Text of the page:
Opinion: Many have been preparing for Brexit for years

At first sight, the headline result of land agent Knight Frank’s survey of farmers pre-Brexit sentiment – that 51% are not planning changes to cope with it – makes our industry appear either complacent or out of touch.

For there can be little doubt that, if and when the UK does leave the European Union, farming will find itself in a very different ball-game.

See also: Should you diversify? What to consider

Are half of UK farmers really guilty of this sin of omission? Do they, perhaps, believe we won’t leave after all? Or do they have faith that the new prime minister, whoever he may be, will suddenly take our industry and its needs seriously?

That last possibility must surely be a pipedream given that many of the Conservative party members who will vote for the new leader are likely to be right wing “no-dealer’s”.

Meanwhile, we should look more closely at how farmers are behaving. We have, after all, been warned by successive governments that subsidies, in whatever form, will be removed and that we will have to compete on world markets.

I suggest, therefore, that most of us have been preparing for that eventuality for some time.

Farmers’ wives in tourist areas were hiring out rooms and providing B&B long before we’d even thought of the word “diversification”.

Since then, farm shops have been established selling fresh produce direct to consumers; farm buildings have been converted into offices and or workshops; barns are now used for weddings and conferences; and horse liveries appear on every second farm in some areas.

Away from the farm buildings, some enterprising operators have set up clay pigeon shoots; they’ve opened their woods for paintballing, allowing middle-aged men to play war games; and some have installed caravan parks and even posh tents for “glamping” holidays.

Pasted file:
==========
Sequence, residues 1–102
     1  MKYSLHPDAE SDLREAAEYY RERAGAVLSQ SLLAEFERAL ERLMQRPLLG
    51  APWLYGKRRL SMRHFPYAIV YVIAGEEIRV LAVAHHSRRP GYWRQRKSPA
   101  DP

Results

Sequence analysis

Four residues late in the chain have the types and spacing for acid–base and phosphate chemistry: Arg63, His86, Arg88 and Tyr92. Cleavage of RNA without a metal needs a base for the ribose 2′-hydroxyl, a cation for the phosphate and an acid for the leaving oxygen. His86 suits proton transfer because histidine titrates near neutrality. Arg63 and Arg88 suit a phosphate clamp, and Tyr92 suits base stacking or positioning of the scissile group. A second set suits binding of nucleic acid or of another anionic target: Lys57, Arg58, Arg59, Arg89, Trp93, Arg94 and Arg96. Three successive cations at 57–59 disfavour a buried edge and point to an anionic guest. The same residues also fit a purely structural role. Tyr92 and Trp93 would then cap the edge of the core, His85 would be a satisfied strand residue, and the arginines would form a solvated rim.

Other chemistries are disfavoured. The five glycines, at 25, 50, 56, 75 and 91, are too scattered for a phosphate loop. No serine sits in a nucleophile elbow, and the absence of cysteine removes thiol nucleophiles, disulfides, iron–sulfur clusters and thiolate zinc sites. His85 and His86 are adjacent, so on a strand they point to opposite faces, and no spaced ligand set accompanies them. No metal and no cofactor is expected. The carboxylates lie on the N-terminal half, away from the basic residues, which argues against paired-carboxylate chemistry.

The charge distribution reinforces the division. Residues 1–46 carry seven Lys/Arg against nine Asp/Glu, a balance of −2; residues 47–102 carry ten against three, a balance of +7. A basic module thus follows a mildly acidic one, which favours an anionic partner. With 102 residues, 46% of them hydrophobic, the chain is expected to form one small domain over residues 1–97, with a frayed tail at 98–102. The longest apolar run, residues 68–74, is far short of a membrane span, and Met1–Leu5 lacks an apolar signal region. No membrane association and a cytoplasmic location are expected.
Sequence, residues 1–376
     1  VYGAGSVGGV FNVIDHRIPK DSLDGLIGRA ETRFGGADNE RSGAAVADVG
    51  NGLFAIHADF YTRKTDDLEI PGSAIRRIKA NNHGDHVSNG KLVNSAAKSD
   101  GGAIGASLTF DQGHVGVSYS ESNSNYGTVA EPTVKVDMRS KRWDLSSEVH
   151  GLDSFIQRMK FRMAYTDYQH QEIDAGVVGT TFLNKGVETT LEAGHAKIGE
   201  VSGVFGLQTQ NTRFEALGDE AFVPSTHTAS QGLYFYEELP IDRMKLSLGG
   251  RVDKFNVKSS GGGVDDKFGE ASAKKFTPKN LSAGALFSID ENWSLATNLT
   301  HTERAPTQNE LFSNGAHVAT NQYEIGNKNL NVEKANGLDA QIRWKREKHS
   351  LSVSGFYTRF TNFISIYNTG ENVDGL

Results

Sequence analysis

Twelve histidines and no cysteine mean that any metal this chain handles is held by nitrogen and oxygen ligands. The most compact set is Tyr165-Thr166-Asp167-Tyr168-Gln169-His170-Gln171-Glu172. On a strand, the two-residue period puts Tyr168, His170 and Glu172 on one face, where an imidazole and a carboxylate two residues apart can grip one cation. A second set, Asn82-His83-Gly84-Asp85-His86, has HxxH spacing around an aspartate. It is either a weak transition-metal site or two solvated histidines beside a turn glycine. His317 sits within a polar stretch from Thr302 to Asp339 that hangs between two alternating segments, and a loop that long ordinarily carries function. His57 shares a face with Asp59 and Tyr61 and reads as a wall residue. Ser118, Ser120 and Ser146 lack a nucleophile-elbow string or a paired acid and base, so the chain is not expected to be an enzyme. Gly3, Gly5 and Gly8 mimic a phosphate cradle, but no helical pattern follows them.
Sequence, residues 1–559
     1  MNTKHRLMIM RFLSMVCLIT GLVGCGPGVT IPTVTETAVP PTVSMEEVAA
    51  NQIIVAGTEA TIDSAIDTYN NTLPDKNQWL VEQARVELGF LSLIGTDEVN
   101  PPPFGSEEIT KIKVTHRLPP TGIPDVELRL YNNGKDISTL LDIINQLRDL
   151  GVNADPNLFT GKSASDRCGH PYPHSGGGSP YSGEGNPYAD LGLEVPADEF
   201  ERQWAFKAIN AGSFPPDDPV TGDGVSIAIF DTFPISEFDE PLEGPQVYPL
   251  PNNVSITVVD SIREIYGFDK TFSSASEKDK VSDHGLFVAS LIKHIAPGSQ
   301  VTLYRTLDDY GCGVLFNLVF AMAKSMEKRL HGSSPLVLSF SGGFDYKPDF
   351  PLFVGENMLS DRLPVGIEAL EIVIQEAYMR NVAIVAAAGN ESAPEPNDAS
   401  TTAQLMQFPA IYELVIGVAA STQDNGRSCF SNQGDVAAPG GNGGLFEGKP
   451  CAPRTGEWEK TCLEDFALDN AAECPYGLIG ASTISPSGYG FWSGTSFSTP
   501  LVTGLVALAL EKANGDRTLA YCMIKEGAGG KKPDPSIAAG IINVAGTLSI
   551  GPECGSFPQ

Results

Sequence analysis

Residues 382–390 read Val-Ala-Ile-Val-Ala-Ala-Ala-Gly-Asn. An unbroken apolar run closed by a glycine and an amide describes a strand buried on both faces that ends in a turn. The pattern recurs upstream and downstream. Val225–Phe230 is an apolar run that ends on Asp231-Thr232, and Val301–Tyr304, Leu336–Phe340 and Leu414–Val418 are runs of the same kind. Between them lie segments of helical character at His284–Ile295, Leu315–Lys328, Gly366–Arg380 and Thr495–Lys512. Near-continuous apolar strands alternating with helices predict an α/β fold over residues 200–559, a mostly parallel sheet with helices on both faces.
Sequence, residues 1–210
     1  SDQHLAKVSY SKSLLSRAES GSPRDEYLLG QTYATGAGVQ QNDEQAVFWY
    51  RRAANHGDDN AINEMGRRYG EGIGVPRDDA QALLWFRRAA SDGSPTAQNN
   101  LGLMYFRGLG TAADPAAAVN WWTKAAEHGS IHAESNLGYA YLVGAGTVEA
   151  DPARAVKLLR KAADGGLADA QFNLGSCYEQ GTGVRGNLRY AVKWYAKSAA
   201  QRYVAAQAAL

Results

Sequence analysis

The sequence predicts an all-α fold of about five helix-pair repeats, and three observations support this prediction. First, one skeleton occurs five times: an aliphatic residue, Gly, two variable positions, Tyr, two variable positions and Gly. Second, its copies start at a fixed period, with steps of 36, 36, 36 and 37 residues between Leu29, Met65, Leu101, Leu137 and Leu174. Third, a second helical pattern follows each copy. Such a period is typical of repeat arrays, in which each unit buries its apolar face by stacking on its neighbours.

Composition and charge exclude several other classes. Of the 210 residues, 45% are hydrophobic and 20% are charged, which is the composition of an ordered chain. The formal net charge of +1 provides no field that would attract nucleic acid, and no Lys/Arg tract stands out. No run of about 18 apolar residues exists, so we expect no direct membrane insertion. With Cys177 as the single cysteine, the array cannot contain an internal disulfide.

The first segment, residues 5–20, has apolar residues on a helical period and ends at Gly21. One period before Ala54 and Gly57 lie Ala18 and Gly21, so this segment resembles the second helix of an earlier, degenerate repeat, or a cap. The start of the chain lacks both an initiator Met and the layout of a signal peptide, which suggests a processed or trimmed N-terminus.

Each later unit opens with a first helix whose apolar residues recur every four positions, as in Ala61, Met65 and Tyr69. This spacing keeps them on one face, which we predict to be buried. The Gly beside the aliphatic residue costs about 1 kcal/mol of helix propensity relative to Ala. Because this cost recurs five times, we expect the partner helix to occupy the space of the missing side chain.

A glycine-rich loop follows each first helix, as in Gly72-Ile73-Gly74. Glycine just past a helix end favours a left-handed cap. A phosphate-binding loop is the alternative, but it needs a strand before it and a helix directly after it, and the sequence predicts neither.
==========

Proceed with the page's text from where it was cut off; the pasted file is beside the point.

I could go on. The above is not a comprehensive list of alternative ways of increasing farm incomes.

And, at the same time, many have made their farms more efficient by cutting costs, sharing machinery with neighbours and doing contract work on other farms.

Those who could afford it, or felt that low interest rates were too good to miss, have increased the size of their farms.

In short, the 51% of respondents to the Knight Frank survey who replied that they do not currently plan any changes may have actually made those changes already and feel they have exhausted the possibilities.

On the other hand, if they have not cut costs or arranged alternate income, or both, then they may be on their way out of the industry.  

For it has been clear for some years that relying on basic production of commodity crops on average-sized farms of medium-quality soils has not been a recipe for making money.

And if, as seems possible, we find ourselves without taxpayer support and competing on world markets, we will have to dream up even more ways of making a living from land that does not involve producing food.

That, of course, would reduce further UK self-sufficiency for food and the country would be even more reliant on imports – assuming they would be available.

There could be shortages and domestic food prices would therefore rise. And, who knows, farming might become profitable again. Maybe.

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